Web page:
BRIC countries – Brazil, Russia, India, and China

E7 – Seven major emerging economies (Brazil, China, India, Indonesia, Mexico, Russia, and Turkey)

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Shifting Balance of Economic Power in the Global Economy (continued)

N-11 – Next wave of emerging markets (Bangladesh, Egypt, Indonesia, Iran, Mexico, Nigeria, Pakistan, Philippines, Turkey, South Korea, and Vietnam)

African countries can benefit from the increase in price of commodities

Gas and oil, agricultural products, and mineral and mining products

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Table 1.7 – Changing Global Demographics: Developing Countries on the Rise

Source: United Nations: Department of Economic and Social Affairs, World Population Prospects: The 2015 Revision. –> –> https://esa.un.org/unpd/wpp/

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20

Trends in Trade and International Investments

Since the global recession in 2009 , global trade and investment have continued to grow

Foreign direct investment (FDI)

Amount invested in property, plant, or equipment in another country

Growing at a slow but steady rate in the years since the global recession

May reach $1.7 trillion by 2017

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Global Economic Systems

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22

Market economy

Command economy

Mixed economy

Market Economy

Exists when private enterprises reserve the right to own property and monitor production and distribution of goods and services

Management is effective

Private ownership provides local evaluation and understanding

Least restrictive form of economy

Resource allocation is determined by the law of demand

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Market Economy (continued 1)

General balance between supply and demand sustains prices

Imbalance creates price fluctuation

Competition is encouraged

Helps promote innovation, economic growth, high quality, and efficiency

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Market Economy (continued 2)

Optimal growth is facilitated by focusing on how to best serve the customer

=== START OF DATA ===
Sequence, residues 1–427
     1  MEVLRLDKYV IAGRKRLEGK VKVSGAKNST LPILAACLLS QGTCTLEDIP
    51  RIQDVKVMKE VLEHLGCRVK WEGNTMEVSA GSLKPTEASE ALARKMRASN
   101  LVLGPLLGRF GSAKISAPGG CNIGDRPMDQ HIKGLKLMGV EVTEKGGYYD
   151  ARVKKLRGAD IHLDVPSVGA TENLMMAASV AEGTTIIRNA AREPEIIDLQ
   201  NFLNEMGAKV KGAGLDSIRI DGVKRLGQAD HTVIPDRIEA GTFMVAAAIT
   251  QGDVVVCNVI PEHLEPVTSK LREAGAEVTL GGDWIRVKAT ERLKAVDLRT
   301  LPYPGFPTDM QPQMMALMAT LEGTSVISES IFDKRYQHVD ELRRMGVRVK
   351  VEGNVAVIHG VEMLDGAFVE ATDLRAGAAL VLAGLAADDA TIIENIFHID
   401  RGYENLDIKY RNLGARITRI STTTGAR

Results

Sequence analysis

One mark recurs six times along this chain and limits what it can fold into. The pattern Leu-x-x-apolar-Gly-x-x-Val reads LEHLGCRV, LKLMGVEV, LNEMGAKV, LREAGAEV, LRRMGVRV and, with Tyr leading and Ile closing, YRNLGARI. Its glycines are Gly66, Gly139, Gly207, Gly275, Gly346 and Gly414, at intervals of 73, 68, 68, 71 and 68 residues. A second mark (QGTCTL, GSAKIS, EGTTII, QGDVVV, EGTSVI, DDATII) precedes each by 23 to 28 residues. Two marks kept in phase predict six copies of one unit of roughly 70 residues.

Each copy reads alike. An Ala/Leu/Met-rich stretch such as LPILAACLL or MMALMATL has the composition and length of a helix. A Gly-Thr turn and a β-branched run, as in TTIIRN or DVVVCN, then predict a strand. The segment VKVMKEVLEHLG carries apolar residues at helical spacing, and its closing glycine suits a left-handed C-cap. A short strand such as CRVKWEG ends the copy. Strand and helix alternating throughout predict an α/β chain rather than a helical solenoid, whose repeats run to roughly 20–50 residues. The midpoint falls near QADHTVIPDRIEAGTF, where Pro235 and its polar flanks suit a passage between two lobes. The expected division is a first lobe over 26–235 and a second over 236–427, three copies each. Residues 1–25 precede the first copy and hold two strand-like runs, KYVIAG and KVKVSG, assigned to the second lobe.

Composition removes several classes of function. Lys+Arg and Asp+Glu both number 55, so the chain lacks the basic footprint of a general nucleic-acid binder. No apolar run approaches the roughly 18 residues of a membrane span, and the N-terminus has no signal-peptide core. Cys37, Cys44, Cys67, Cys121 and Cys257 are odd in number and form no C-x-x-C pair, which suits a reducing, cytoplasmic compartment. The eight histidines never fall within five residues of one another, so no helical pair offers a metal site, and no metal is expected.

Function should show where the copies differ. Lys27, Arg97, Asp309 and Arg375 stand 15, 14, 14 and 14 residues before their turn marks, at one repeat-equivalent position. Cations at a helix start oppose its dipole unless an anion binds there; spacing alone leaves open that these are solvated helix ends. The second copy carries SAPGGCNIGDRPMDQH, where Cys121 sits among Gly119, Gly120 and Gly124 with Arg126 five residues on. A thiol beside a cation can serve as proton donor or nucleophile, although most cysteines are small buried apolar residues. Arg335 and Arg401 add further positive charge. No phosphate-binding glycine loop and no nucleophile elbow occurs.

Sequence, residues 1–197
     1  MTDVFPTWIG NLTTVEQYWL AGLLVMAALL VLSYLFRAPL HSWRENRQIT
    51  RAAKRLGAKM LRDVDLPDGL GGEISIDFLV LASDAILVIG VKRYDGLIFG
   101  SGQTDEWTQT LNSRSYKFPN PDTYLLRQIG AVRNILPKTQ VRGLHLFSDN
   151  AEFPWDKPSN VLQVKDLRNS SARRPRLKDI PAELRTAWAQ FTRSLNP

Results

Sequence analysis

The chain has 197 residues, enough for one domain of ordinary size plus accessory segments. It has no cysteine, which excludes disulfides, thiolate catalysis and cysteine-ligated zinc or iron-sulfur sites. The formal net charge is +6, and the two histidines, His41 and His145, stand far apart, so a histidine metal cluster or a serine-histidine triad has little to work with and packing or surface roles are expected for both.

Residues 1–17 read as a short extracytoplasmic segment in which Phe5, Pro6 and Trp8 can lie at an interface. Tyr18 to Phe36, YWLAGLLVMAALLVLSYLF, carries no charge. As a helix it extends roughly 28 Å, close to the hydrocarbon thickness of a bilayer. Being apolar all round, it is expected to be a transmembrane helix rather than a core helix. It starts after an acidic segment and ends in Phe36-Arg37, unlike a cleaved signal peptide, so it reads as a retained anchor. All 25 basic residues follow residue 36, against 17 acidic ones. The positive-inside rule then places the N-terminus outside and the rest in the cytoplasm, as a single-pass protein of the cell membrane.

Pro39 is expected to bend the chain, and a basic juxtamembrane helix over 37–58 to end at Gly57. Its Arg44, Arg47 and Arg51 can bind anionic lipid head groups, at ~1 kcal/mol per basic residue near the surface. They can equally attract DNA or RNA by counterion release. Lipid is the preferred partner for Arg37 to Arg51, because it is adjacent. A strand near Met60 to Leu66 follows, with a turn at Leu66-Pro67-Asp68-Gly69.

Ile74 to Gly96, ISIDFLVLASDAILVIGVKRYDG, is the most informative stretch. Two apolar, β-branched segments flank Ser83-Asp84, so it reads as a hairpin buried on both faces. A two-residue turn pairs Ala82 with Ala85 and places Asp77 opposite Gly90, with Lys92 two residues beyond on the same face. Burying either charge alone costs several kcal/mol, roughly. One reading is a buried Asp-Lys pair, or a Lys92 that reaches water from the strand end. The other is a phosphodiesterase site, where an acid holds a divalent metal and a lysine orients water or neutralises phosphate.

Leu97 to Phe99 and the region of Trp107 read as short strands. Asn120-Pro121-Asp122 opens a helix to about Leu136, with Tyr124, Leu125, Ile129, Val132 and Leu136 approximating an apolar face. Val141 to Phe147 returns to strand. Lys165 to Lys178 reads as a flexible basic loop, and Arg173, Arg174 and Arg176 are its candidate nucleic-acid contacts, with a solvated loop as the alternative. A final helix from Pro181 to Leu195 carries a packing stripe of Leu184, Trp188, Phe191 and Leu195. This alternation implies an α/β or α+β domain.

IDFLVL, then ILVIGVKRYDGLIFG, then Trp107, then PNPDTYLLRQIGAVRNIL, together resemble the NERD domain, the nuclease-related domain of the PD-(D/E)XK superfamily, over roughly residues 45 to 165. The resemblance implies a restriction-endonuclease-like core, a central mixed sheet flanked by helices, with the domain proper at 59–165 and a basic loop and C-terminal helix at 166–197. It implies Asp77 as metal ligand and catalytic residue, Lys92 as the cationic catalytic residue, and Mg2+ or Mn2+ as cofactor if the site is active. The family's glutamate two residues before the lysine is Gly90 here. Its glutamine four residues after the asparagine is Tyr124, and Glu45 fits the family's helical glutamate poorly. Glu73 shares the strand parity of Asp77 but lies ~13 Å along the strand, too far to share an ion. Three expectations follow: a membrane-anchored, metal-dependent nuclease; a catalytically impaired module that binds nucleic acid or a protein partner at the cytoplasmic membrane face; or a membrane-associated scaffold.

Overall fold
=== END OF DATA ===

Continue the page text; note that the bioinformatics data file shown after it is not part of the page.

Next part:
Monopolies or restrictive business practices may be prohibited to maintain the integrity of the economy

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Command Economy

Government holds explicit control over the price and supply of a good or service

Businesses are owned by the state

Ensures that investments and other business practices are done in the best interest of the nation

Management ignores demographic information

Creates an environment where little motivation exists

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Mixed Economy

Combination of market and command economy

Helps raise the standard of living

Aided by regulations concerning minimum wage standards, social security, environmental protection, and the advancement of civil rights

Ownership of organizations that are critical to the nation may be transferred to the state

Subsidizes costs and allows the firms to flourish

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Evaluation of the World’s Economies

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28

Established economies

North America

Emerging economies

Central and Eastern Europe

Developing economies

South America

European Union

Japan

China

Other emerging markets of Asia (South Korea, Hong Kong, Singapore, and Taiwan)

Middle East and Central Asia

Africa

India

North America

One of the four largest trading blocs in the world

Combined purchasing power of the United States, Canada, and Mexico is more than $19 trillion

Free-market-based economy provides considerable freedom in decision-making processes

International firms receive the benefit of greater flexibility and lower barriers

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North America (continued 1)

The United States

Firms maintain dominant global positions in technology-intensive industries

Considered to be a lucrative market for expansion by foreign MNCs

Canada is the largest trading partner

Most of the largest foreign-owned companies in Canada are totally or heavily U.S.-owned

Legal and business environments are similar to that in the U.S.

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North America (continued 2)

Mexico

Strongest Latin American economy

Has free-trade agreements with over 46 countries

Competes with Asia for the U.S. market and has the benefit of proximity and lower-cost labor

Facilitated by the maquiladora system

Increased trade with both Europe and Asia

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31

European Union (EU)

Objectives and goals

Eliminate all trade barriers among member nations

Follow a single currency (euro) and a regional central bank

Firms have the benefit of:

Manufacturing high-quality, low-cost goods

Shipping manufactured goods across the EU without paying duties or being subject to quotas

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European Union (EU) (continued)

Challenges

Absorbing its eastern neighbors that could result in a giant, single European market

Large deficits faced by several European governments

Resulted from structural conditions and shorter-term economic pressures

Placed pressure on the euro

Maintaining a unified EU in the coming decades

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Japan

Unprecedented economic success in the 1970s and 1980s

Huge positive trade balance

Strong yen

Gained recognition as the world leader in manufacturing and consumer goods

Remains a formidable international competitor and is well poised in all major economic regions